Potter soon resigned his job and turned his efforts to helping attain universal health care for all Americans. By the way, he is not surprised by the actions designed to repeal the reform bill. (I’m sure that would include the actions of Ken Cuccinelli and like-minded others who are filing suit in the hope that they can overturn reform and return the nation to the rationing of health care by wealth.)

    “[The health insurance industry] is a very wealthy industry and they use PR very effectively. They manipulate public opinion and the news media and they have built up these relationships with all these politicians through campaign contributions,” Potter said.

    Perhaps that’s be the case with Cuccinelli. According to the Virginia Public Access Project, committees for the election of Cuccinelli received $37,750 from the health industry. He got $13,000 from Anthem, $20,000 from Schering Plough, and $3,500 from the Pharmeceutical Manufacturers of America. Potter’s words ring true.

    I know one thing. I am certain that I will be buying Wendell Potters forthcoming book, “Deadly Spin,” which is due out in October.  

    • scott_r

      …since his epiphany, and he is wonderful at debunking a lot of the standard spin.  

      The really really sad thing is, I also remember hearing (on NPR I think) man-in-the-street interviews of people at one of these RAM clinics – patients – who when asked about the health reform bill, were insistent they preferred their status-quo to “government health care”.  These were people waiting in line (a multi-day trip in some cases) who were not certain they’d even get one of the limited slots to see a provider.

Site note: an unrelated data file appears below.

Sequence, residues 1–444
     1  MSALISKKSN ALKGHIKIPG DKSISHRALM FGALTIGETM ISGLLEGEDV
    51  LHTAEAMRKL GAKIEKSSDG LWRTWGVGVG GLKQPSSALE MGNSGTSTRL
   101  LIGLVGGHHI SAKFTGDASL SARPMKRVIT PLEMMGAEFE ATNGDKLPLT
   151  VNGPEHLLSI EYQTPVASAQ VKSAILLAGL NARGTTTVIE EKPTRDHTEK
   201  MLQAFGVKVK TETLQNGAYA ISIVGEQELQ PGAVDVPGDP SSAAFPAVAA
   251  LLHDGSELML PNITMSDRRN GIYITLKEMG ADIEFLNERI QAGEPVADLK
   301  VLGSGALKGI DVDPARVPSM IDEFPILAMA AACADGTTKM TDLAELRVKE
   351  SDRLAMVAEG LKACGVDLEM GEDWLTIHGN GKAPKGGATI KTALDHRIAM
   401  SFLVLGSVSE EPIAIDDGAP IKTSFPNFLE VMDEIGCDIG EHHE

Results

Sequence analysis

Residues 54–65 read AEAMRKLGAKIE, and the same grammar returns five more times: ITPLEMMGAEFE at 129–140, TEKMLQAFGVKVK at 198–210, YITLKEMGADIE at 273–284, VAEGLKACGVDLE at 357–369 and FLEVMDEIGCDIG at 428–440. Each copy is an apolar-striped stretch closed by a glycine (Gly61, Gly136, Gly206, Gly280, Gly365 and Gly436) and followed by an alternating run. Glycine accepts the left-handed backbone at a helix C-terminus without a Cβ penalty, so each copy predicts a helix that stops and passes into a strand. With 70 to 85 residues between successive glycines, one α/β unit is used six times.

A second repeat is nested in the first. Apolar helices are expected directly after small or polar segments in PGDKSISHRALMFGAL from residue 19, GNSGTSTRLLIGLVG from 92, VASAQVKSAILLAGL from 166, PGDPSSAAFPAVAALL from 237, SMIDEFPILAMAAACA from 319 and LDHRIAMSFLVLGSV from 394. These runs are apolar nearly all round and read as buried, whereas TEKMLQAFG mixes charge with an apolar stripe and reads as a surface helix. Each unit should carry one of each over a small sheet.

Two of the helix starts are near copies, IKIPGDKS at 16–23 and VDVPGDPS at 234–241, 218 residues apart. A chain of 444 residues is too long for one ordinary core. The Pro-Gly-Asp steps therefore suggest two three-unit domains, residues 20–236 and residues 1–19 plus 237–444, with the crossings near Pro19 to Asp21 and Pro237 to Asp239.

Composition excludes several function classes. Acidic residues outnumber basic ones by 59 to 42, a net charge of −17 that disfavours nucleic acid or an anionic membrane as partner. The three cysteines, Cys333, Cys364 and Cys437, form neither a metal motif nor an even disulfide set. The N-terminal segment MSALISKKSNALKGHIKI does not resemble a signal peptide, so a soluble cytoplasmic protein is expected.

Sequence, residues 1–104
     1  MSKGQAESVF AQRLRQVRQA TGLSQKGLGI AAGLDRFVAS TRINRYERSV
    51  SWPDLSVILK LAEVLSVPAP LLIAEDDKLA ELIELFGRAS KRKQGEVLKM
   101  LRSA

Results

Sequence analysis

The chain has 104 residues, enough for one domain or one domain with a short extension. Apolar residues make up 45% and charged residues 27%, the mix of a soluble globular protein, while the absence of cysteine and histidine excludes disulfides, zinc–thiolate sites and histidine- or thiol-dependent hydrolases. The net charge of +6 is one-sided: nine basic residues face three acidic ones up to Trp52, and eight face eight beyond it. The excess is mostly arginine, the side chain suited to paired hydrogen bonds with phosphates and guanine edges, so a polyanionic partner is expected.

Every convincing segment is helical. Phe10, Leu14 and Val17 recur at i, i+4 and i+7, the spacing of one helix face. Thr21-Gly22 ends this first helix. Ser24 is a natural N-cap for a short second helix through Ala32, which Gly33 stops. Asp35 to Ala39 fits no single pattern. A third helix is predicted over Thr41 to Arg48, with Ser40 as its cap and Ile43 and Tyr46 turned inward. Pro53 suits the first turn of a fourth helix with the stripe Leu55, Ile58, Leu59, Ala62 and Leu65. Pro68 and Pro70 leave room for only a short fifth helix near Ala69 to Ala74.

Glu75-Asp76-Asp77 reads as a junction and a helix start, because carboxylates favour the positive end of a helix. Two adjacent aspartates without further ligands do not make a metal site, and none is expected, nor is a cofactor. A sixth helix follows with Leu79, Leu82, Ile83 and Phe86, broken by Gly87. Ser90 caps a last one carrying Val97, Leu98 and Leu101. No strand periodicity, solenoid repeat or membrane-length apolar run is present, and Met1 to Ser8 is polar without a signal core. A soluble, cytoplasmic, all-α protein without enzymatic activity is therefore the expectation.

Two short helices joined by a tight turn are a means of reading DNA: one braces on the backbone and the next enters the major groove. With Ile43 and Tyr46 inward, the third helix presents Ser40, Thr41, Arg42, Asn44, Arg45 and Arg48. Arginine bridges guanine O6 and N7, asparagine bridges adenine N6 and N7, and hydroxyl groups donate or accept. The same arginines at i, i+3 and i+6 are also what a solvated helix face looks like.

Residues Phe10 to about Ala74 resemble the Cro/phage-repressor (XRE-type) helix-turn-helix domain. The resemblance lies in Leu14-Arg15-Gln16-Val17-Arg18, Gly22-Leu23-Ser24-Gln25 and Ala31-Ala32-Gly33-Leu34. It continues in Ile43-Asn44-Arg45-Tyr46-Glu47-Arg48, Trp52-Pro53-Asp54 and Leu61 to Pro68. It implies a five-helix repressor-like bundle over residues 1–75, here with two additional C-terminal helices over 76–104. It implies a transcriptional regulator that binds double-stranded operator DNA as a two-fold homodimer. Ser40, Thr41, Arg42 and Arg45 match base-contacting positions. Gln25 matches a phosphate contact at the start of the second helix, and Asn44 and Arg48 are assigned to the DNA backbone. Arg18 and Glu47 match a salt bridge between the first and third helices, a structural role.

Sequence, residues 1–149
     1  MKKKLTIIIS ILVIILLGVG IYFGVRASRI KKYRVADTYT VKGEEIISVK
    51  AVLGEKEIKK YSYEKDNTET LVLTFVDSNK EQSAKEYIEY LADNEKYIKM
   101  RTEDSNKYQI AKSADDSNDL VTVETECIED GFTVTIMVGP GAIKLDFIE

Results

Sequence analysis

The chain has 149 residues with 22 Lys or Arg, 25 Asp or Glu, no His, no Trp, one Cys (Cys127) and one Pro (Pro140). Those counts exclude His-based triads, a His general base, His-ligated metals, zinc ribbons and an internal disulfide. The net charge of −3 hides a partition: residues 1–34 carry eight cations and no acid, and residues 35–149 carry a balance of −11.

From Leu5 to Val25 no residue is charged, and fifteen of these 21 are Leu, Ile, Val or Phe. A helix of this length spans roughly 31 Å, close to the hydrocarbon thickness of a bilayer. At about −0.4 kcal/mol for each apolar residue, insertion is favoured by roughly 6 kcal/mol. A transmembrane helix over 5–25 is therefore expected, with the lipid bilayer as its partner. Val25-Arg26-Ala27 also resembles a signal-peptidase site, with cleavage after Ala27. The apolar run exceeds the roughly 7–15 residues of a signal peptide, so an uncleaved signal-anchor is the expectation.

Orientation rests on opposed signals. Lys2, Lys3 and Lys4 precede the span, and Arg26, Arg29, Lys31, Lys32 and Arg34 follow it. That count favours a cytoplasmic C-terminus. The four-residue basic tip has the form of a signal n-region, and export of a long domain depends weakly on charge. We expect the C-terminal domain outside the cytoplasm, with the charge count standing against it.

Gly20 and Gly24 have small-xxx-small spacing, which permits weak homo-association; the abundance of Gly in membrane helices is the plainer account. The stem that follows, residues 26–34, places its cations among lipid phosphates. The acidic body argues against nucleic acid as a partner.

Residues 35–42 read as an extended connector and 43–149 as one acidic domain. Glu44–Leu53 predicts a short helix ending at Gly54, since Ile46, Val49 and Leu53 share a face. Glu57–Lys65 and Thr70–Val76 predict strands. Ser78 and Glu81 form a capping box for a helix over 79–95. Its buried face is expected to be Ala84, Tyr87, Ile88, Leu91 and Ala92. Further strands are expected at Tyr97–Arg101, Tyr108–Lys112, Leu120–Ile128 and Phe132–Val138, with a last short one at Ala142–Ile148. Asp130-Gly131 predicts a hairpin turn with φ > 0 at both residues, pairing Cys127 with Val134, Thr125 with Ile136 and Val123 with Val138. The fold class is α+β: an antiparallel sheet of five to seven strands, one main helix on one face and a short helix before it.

The propaganda machine in that part of the country – the mix of “Conservative Christian” radio and Talk Radio – is so effective that there are people who truly believe they are better off with nothing (or are dependent on free charity) than with government provided healthcare.  My question: this fall, how do we persuade people whom immediate daily reality – their own lives – fails to persuade?  

    • teacherken

      1)  Wise is a joint venture between RAM and Mission of Mercy of the Virginia Dental Foundation.  MOM actually serves more people, but Stan Brock and RAM get most of the media headlines.

      2)  I worked Wise last year –  in dental triage –  and will be doing so again this year.  I also worked the joint event in Grundy in October, and dental only events in March in NoVa and Roanoke.

      3) to have a sense of what Wise is like, might I steer you at what I wrote about my experience?

      A different perspective on the health care debate

      Now that the Wise health fair is over . . .

      Please bear with me

      The real issues of national security

      These are the Daily Kos versions (although all were also posted at Blue Commonwealth).  Perhaps my experience might give some more of a sense?   And on a couple of diaries there are some very useful comments as well.


    • libra

      and its dental program. Here’s a scary article about what might happen when you process thousands of people in a day, in makeshift environment: